In operation, the impactor means 14 is first employed to impact the surface of a reference sample of the composite material which is known to be substantially free of any defects, imperfections or the like (hereinafter collectively referred to as "defects"). The impact to the surface of the reference material is made with a predetermined force. The response from the reference sample is detected by the impactor in a manner hereinafter described and a first or reference electrical signal proportional to the response is generated and stored within the storage oscilloscope 16. Thereafter the surface of the material 12 being tested is impacted by the impactor means 14 with the same precisely regulated predetermined force at a first test location. Again, the response from the material 11 is detected and second electrical signal proportional to the response is generated. The second electrical signal is also supplied to the oscilloscope. The two electrical signals are then simultaneously displayed on the oscilloscope for visual comparison.
The comparison between the two electrical signals is done primarily on the basis of frequency and amplitude. A defect in a composite structure causes a change in the frequency and amplitude of the response to a surface impact, from the response which would otherwise be emitted by a composite structure which is free from any such defects. Generally the frequency and amplitude of the response from a composite structure having a defect is lower than that of the defect free or reference response. By simultaneously displaying the first or reference signal, indicative of the expected response if no efects are present in the composite structure, and the second or test signal, the two signals can be visually compared and any substantial frequency shift and/or decrease of amplitude can be readily ascertained.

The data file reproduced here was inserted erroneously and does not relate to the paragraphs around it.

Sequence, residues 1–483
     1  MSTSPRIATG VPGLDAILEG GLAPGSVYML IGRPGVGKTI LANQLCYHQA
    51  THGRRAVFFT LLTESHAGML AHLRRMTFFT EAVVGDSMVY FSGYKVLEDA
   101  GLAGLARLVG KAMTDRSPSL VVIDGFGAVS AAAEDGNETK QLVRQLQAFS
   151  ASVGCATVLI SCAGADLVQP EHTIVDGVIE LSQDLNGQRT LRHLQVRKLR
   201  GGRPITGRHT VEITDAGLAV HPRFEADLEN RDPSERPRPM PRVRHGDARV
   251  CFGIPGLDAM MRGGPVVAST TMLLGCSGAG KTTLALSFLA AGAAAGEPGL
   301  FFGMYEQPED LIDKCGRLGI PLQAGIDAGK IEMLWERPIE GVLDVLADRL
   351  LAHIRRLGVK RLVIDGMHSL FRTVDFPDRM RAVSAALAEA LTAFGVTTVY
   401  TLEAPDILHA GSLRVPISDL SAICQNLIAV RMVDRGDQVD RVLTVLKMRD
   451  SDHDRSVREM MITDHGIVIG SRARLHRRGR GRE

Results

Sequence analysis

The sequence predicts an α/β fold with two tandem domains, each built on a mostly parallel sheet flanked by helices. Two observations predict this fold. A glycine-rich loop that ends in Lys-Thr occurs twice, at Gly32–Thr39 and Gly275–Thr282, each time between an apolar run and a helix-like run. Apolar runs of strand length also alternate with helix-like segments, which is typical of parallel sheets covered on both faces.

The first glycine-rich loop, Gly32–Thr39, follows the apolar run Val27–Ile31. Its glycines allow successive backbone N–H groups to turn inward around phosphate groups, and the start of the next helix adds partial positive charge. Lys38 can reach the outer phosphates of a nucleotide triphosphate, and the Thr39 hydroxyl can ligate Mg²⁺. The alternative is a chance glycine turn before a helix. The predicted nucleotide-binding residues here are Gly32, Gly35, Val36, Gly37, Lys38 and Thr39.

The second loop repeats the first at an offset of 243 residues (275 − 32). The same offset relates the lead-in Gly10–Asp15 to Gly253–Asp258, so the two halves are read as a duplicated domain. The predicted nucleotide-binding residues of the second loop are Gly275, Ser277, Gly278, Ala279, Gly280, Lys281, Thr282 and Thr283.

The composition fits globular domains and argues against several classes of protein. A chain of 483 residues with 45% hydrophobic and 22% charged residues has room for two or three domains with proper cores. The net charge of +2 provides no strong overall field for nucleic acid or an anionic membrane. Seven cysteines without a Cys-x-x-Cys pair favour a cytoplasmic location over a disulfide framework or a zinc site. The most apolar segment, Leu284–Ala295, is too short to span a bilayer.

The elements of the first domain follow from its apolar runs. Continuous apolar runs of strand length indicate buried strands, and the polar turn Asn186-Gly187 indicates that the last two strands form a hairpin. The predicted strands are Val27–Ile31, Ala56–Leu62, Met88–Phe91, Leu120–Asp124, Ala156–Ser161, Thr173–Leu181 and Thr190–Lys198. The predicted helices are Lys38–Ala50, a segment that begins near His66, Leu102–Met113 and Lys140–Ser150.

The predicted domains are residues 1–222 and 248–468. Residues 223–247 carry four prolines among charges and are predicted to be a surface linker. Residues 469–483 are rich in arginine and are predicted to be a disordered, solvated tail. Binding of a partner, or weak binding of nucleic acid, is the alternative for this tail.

Once such a defect is encountered at a particular test position, the impactor means 14 may be moved to other test positions around the surface of the material being tested in a predetermined course or pattern, performing a test and comparison at each such position. The predetermined pattern may comprise a relatively simple straight line pattern, a radial pattern or the like depending upon the particular application. By performing a series of such tests in this manner the full extent of a detected defect in the composite structure may be quickly and conveniently determined and accurately mapped. Thereafter the results of the testing may be evaluated and the defective portion of the composite structure may be repaired or replaced as required.
Referring now to FIGS. 2 and 3 there is shown more detailed views of the impactor 14. The impactor 14 comprises an elongated, generally rectangular solenoid housing 18 shown on FIGS. 2 and 3 as being generally vertically oriented. A suitable handle 20 is attached to the solenoid housing 18 for the convenience of the operator. The handle 20 is generally cylindrical and is suitably sized to accommodate the natural grip of an operator. The end of the handle 20 which abuts the solenoid housing 18 includes a bracket 22 which surrounds a portion of the solenoid housing 18 and is attached thereto with screws 24. For purposes which will hereinafter become apparent, the handle 20 further includes a push button switch 26 on the lower portion thereof proximate to the solenoid housing 18. The distal end of the handle 20 includes a conventional electrical connector 28 which is attached to a complimentary or mating connector 30 and a suitable multi-conductor electrical cable 32 for electrically inter-connecting the impactor 14 and the storage oscilloscope 16 (shown only on FIG. 1).